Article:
Product Reviews February 23, 2011

Mobile Video - does the 'Muvi' Micro Camcorder cut it?

Weakness

Imagine the scene. You're at a bike show. There's loads of high tech bikes, general cycling paraphenalia and gadgets about. You're feeling weak. What's going to happen? Well the chances are you're going to buy something. The question is, what? 

Gadgets

This situation is exactly where I found myself at the Last Cycle Show event in October last year. I knew I could not get away with coming home with a bike (though I was close to buying the single speed anyway), but walking round there, my credit card was steadily burning a hole in my pocket. In short, I was vulnerable. I'm not saying the Muvi stand was a truimph in marketing...but it wasn't far off. An all female manned stand, lots of footage taken from a Muvi on show, the various grades of gadget on display. It was bound to get a significant amount of attention from the mainly male attendees. Predictably myself and Ranger Dave joined the throng. The footage was indeed impressive. My pulse quickened. This was it. I had found it! My 'Cycle Show' gadget! So about £70 later I was the proud owner of a Muvi. Next challenge - using it. 

To be precise, the Muvi is a Micro DV Camcorder. It can be attached to almost anywhere on either your person or the bike, the idea being you take action footage of where ever you're going. Brilliant. The footage being shown was of a Mountain Biker in the middle of doing Dirty off-road stuff, so it must be ok for bikebritain, right? It jacks into your PC using a USB port, from which it charges it's battery and download your videos. Very simple to use, drag and drop. It comes ready to go and uses a micro SD card enough, apparently for about 90 minutes worth of footage. Sounds good, doesn't it? 

A Good Idea?

Unfortunately, there are a few flaws to the system I feel compelled to share with you. It's not quite as good as it looks. That's a shame because the image quality is pretty good. The main problem is the audio. The microphone seems to be especially vulnerable to wind noise. It's very sensitive - good - but to the point where often your voice is completely obscured by wind interference. Another issue is the battery life. I am quite sparing with mine, but I have yet to have the Muvi last a full ride, and that's with me turning it off and on. The buttons are small (well the unit is tiny), but if you are wearing gloves that's a real pain. Finally, mounting the camcorder is also troublesome. Because it's so sensitive the camcorder is prone to any type of movement. Consequently, if it's not on a surface that is stable it feels as if you are in a high speed Blair Witch project. Again, it defeats the object. I have tried many different permutations and have eventually mounted it on my visor. That works quite well. The straps supplied in the action pack simply did not hold it steady enough - a further waste of £10. Perhaps it's because my first (ill-fated) outing with the camcorder was around the BMX track which resulted in (a) me falling off my MTB and (b) smashing my Blackberry to smithereens (although that was a blessing in disguise and thanks Vodafone for the iPhone upgrade). Nevertheless, as you can tell, I've just not got along very well with it.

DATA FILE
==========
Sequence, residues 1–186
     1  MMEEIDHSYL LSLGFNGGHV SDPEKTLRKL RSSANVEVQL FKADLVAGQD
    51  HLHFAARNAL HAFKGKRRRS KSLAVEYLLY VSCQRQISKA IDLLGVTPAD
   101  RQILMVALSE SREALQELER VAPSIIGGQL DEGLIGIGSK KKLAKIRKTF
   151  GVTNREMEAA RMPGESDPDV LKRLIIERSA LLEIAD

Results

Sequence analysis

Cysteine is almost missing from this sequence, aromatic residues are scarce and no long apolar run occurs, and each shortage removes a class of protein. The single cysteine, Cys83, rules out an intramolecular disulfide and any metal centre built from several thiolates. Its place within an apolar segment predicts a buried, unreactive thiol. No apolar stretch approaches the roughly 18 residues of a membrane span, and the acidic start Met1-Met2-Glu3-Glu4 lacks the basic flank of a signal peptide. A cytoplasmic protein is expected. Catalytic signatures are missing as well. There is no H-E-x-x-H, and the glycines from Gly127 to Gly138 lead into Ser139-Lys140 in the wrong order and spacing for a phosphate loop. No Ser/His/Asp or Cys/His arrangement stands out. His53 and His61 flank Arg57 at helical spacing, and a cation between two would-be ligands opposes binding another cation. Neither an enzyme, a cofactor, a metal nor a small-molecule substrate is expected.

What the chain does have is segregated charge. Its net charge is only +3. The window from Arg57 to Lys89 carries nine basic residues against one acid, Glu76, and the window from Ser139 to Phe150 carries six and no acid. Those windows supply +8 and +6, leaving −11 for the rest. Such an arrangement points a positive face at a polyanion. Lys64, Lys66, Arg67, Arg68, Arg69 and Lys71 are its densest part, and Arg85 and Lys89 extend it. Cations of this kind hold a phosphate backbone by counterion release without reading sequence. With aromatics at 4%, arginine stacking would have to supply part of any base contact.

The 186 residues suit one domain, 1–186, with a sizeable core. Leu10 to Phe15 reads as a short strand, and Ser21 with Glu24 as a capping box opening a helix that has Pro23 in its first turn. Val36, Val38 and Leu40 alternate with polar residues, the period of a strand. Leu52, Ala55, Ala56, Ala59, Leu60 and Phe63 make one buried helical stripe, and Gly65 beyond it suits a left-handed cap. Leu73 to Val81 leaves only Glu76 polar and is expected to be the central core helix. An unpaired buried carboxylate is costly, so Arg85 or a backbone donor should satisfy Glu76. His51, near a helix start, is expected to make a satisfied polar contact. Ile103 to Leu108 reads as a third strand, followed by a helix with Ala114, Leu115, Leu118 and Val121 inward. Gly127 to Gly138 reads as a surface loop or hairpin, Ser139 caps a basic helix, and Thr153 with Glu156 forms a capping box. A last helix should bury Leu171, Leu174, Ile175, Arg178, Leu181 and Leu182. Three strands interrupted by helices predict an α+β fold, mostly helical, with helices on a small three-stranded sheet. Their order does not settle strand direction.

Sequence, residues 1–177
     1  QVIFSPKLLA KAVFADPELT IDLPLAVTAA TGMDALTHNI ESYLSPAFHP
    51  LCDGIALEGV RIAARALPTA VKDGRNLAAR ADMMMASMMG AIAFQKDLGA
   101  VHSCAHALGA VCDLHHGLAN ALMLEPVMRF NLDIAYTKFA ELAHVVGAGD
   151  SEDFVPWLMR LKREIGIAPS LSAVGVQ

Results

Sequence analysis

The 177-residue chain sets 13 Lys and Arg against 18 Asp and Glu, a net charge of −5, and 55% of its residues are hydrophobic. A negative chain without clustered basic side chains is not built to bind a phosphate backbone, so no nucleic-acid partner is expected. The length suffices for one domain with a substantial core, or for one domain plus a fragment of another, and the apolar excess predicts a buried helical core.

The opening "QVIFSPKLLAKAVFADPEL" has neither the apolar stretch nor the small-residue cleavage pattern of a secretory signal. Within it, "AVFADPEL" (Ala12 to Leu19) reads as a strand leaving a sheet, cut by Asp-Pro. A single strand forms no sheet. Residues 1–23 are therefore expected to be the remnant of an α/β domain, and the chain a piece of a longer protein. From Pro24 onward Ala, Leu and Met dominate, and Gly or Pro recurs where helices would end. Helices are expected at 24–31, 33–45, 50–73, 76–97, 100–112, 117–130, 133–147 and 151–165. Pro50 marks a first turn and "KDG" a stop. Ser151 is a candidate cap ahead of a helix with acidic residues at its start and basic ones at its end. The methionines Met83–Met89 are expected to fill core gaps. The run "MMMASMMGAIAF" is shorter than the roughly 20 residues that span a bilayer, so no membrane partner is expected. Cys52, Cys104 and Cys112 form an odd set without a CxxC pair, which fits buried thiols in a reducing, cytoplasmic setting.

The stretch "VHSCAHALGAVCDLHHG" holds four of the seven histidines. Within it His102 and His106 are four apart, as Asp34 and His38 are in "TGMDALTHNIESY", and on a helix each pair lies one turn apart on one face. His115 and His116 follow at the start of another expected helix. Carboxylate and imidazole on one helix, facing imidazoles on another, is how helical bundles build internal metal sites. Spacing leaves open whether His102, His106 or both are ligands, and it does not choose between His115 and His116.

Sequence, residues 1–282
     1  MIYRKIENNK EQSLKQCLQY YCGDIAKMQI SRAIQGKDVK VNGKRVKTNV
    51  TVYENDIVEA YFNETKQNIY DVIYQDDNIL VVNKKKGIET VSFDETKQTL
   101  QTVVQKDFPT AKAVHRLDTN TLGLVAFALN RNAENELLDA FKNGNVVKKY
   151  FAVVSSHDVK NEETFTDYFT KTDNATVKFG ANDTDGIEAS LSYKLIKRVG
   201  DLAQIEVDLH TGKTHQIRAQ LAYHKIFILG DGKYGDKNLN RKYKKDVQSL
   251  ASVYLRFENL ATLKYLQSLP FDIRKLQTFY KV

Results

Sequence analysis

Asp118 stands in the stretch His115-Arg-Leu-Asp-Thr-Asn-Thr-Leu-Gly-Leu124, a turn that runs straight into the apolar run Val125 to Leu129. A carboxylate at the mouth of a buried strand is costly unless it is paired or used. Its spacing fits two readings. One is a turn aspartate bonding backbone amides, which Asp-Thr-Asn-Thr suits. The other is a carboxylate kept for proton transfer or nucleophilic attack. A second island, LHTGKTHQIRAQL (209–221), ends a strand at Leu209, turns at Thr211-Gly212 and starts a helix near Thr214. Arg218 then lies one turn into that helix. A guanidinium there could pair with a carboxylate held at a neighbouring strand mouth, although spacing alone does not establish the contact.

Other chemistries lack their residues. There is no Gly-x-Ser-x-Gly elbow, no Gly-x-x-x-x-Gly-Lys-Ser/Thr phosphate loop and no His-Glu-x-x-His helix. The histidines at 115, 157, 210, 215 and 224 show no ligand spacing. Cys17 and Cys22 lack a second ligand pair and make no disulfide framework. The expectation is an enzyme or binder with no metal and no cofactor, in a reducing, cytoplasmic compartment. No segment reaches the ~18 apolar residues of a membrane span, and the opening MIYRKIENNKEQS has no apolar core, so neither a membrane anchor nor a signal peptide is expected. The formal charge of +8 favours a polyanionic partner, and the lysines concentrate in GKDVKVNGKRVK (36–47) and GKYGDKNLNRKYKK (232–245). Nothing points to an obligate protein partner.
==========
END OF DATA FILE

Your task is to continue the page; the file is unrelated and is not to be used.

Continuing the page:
Recommended?

In summary - I would not recommend this system. I have returned to using the video mode on my cameras (although one advantage at least is I can take footage from each other and splice it together in Windows Movie Maker. No such luck if you try blending iPhone video with any other media). It 'flatters to deceive'. Yes, the image quality is good, but that's not much help if the audio is obliterated by wind-noise and it's susceptible to shake. Afterall, the idea of the camcorder is that it's used when you're mobile.....you can buy a Muvi from Amazon. But I wouldn't bother.

For the technical details on the Muvi, see www.veho-uk.com

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